Author Topic: Communication issue & need perspective  (Read 16169 times)

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CakeBeret

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Re: Communication issue & need perspective
« Reply #60 on: February 22, 2012, 12:21:52 PM »
Sorry for not posting the link to the other thread. I wasn't sure if it was relevant and didn't want posters to feel obligated to slog through a billion pages. ;) I should have been more precise in the OP that I'd told him previously it's important to me to spend this time together.
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rashea

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Re: Communication issue & need perspective
« Reply #61 on: February 22, 2012, 12:27:05 PM »

Was that also in response to me?  I don't think I've argued anything about the child, I just asked a question because another poster was referring to the toddler, so you probably have me mixed up with someone else.

Nope, sorry, I should have been clear. That was more to the thread as a whole.
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Surianne

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Re: Communication issue & need perspective
« Reply #62 on: February 22, 2012, 12:44:26 PM »
Sorry for not posting the link to the other thread. I wasn't sure if it was relevant and didn't want posters to feel obligated to slog through a billion pages. ;) I should have been more precise in the OP that I'd told him previously it's important to me to spend this time together.

It's hard to know sometimes what's relevant until you start the discussion, so no worries, I doubt any of us will hold it against you  ;D 


Was that also in response to me?  I don't think I've argued anything about the child, I just asked a question because another poster was referring to the toddler, so you probably have me mixed up with someone else.

Nope, sorry, I should have been clear. That was more to the thread as a whole.

Ah thanks!  Carry on  ;D

Jaelle

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Re: Communication issue & need perspective
« Reply #63 on: February 22, 2012, 09:24:07 PM »
Commenting on the toddler thing. When DH and I are both in the house, we are both in charge of keeping tabs on the kids unless one or the other of us lets the other one know. (As in, "Hey, I need a break; I'm going to go hide and read for a little while" or "Hey, I need some quiet time to get this chore done.")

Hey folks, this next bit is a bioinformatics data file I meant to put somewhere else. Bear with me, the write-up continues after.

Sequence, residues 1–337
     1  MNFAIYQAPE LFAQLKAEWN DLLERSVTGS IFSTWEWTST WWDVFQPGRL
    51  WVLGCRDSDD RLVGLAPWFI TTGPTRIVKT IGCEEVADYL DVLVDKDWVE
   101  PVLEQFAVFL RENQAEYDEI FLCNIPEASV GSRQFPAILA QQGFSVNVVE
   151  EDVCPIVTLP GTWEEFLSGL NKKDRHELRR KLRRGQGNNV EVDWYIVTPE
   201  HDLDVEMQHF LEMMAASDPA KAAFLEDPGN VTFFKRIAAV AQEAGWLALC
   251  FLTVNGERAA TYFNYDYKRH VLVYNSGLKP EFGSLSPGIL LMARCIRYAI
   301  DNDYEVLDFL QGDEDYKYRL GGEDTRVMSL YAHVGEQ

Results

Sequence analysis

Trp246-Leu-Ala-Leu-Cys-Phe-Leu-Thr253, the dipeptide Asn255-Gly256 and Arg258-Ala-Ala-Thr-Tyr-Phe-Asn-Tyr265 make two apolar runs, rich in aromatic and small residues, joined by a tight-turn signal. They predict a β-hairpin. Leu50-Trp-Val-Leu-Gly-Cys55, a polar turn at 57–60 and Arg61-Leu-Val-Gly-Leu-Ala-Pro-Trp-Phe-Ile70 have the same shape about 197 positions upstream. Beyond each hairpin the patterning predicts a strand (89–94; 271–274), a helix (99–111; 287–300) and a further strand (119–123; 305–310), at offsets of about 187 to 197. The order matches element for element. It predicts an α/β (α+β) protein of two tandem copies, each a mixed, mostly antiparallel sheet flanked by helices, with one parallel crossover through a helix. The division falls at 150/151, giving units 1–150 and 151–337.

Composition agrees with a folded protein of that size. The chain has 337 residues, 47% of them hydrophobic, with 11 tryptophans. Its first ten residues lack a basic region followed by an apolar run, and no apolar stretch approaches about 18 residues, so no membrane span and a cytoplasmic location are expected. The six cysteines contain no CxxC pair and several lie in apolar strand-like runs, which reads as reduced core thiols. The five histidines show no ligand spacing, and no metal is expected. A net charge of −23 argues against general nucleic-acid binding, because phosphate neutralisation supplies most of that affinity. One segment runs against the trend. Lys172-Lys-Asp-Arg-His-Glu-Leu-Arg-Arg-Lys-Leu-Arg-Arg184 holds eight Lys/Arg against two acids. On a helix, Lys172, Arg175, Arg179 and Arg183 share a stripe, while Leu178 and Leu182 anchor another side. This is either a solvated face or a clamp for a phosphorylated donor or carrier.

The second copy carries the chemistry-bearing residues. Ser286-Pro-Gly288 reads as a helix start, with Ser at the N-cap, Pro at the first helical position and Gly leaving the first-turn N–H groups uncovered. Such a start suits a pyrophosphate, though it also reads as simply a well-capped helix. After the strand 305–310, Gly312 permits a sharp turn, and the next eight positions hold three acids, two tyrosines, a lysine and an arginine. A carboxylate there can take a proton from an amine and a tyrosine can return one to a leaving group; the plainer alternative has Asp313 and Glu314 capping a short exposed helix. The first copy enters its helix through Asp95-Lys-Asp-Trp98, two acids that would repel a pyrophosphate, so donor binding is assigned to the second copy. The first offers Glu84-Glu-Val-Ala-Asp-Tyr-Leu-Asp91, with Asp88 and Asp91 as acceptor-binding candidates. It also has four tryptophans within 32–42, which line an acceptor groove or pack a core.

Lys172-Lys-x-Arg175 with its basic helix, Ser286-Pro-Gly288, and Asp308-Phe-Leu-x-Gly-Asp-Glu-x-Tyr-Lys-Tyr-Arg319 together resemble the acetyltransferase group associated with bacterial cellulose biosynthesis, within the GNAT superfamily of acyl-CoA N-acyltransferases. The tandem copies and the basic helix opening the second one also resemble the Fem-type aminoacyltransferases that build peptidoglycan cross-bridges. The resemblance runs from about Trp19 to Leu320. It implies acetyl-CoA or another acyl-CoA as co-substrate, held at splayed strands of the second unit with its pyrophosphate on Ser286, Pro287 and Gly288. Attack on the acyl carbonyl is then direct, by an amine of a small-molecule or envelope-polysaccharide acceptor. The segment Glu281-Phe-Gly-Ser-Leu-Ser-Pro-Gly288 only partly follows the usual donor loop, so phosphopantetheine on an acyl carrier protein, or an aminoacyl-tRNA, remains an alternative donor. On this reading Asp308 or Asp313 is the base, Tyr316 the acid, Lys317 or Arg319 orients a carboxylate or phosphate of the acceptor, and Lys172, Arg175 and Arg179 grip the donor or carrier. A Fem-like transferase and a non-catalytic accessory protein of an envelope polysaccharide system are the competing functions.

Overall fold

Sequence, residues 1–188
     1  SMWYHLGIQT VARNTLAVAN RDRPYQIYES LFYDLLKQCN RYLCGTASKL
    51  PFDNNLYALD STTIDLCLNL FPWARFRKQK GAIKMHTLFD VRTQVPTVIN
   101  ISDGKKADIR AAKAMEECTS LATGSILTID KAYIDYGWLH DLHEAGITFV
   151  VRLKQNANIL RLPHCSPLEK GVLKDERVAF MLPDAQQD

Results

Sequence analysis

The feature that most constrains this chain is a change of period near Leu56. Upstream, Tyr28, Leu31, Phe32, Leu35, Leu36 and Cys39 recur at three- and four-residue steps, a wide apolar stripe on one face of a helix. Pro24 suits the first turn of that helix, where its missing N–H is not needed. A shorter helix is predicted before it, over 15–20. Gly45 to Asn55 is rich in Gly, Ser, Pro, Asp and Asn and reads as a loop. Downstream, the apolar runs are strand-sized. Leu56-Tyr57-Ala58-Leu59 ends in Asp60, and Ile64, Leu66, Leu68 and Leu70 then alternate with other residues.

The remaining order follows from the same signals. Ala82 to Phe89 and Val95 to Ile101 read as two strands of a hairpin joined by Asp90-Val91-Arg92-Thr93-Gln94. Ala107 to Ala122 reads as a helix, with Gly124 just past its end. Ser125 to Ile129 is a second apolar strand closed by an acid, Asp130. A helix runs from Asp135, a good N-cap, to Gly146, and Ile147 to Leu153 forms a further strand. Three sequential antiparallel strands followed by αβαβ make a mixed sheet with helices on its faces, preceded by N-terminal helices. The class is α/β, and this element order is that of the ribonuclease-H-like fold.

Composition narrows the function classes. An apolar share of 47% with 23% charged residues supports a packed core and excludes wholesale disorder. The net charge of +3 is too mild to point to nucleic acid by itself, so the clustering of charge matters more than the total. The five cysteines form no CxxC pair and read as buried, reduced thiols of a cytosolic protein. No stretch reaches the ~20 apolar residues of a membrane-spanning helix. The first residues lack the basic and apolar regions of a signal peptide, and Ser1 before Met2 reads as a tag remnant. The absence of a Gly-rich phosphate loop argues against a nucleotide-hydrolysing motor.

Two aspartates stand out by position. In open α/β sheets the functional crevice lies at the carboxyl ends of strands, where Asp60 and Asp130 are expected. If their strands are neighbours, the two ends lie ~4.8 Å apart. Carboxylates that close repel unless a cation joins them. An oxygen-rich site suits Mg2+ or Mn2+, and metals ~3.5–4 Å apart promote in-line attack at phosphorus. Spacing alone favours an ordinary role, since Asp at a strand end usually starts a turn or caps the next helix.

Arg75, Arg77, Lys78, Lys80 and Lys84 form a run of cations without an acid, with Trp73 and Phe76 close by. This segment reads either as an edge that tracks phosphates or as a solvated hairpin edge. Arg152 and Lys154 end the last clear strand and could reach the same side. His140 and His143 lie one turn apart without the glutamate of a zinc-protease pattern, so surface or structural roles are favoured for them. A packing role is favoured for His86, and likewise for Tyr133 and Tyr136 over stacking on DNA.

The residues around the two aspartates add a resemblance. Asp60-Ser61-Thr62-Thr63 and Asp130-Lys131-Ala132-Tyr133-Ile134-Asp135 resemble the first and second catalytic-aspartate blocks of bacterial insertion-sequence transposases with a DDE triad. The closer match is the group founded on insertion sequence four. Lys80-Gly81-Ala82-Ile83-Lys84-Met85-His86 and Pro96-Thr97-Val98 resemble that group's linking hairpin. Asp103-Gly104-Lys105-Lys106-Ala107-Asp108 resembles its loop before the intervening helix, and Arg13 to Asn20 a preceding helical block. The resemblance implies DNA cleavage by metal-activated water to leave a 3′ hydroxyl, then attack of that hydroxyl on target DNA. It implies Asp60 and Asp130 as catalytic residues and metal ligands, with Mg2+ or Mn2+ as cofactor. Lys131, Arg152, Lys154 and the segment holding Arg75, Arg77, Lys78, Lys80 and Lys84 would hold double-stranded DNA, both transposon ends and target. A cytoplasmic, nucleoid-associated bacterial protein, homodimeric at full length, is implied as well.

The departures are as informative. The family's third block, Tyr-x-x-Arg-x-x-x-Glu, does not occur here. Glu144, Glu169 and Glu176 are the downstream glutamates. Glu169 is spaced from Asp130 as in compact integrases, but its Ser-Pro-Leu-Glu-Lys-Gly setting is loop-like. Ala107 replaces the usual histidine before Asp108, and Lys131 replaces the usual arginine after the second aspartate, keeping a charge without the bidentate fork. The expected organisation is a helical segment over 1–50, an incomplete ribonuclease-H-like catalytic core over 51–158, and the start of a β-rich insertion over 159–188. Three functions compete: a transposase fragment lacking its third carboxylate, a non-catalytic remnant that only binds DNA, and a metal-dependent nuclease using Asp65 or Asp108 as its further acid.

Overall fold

It bothers me that some seem to think that, unless the OP's DH was specifically planning on watching his child by prearrangement, he's considered absolved from the responsibility.  :( Parenthood is teamwork.

(And no, I've found you really can't leave a toddler alone for 30 minutes (as a prior poster said) unless you want to find box of tissues emptied out into the living room room or a stamp pad used as warpaint. (Before true examples ... with my younger son given less than 10 minutes for both. In fact, it was more like five.))
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lollylegs

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Re: Communication issue & need perspective
« Reply #64 on: February 22, 2012, 11:54:35 PM »
I guess that I'm still stuck on the fact that they have a toddler. I don't think it is right for one of the parents to disappear somewhere and leave the other parent with the task of childcare without a quick discussion. He didn't say, "I'm tired and need to lay down for a little bit, can you watch the kid?" In fact, he didn't say anything at all until CakeBeret came to find him. When you have responsibility for a small child, that's just unacceptable. I don't think that childcare is automatically the mother's job, but that seems to be what he assumed here.

I completely agree!  When a couple has young children together, someone going off by themselves isn't as simple as just walking away and closing the door and expecting everything to be made smooth for them.  One partner is really saying to the other, "I'm tired, and I'd really like some time to myself.  Can you please be on duty with the kids and take care of all of our joint responsibilities for a while so I can rest?"

When one partner just checks out with no warning, the other partner has no choice but to step up and handle things.  It's rude and disrespectful to put someone in a position where they have no choice in the matter, giving them no input into what they're being forced to do, especially with no warning.   What if CakeBeret also needed down time?  I bet her husband would be furious if he came home and she simply walked away and closed the door, and left him to deal with their son for an unknown amount of time, and then got angry at him if he got upset at "I'm tired" being the only thing she bothered saying to him all evening.

I completely understand needing down time.  But partners with joint responsibilities need to do each other the courtesy of communicating about it, asking each other to take over duties, not just dropping the ball with no warning.  I agree that CakeBeret and her husband need to find ways to give each other down time more smoothly, with more warning and better communication, but I can completely understand why she's upset in this situation.